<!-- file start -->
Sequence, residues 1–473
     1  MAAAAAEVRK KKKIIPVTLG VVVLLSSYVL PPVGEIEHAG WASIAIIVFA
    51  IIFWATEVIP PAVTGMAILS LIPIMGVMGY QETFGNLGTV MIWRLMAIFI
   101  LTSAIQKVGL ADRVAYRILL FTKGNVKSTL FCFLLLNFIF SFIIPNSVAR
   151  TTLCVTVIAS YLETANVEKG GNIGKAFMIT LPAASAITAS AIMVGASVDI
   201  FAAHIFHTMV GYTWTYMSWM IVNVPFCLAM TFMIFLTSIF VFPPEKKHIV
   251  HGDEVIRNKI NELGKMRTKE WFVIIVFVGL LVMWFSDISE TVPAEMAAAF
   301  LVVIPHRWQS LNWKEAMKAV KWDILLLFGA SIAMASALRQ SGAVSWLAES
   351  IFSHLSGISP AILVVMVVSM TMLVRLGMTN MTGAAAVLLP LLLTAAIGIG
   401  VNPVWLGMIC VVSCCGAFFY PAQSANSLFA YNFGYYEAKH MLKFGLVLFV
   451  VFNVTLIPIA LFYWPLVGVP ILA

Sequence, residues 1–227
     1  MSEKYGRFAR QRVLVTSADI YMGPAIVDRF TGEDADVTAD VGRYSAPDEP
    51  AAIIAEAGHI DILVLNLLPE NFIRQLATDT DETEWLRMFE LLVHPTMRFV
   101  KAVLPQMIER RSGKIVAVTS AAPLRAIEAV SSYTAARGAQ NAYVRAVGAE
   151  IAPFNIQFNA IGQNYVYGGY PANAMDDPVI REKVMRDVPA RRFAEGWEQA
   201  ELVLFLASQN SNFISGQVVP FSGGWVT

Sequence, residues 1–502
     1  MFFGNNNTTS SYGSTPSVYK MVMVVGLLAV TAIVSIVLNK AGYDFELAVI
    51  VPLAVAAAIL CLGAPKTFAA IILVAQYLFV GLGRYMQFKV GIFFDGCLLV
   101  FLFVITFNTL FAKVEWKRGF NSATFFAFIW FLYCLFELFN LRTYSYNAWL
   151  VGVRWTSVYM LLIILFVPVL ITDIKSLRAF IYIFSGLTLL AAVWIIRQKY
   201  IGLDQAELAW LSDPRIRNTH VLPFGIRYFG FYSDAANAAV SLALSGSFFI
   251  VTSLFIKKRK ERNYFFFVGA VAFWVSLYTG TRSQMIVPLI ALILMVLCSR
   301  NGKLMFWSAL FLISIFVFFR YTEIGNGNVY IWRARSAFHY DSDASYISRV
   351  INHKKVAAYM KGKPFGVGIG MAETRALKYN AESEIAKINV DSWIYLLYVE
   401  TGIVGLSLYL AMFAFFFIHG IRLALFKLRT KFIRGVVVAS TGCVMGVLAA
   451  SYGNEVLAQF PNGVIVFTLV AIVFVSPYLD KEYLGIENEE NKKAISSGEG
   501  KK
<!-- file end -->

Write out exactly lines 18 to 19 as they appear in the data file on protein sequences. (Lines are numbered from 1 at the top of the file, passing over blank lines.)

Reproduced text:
Sequence, residues 1–502
     1  MFFGNNNTTS SYGSTPSVYK MVMVVGLLAV TAIVSIVLNK AGYDFELAVI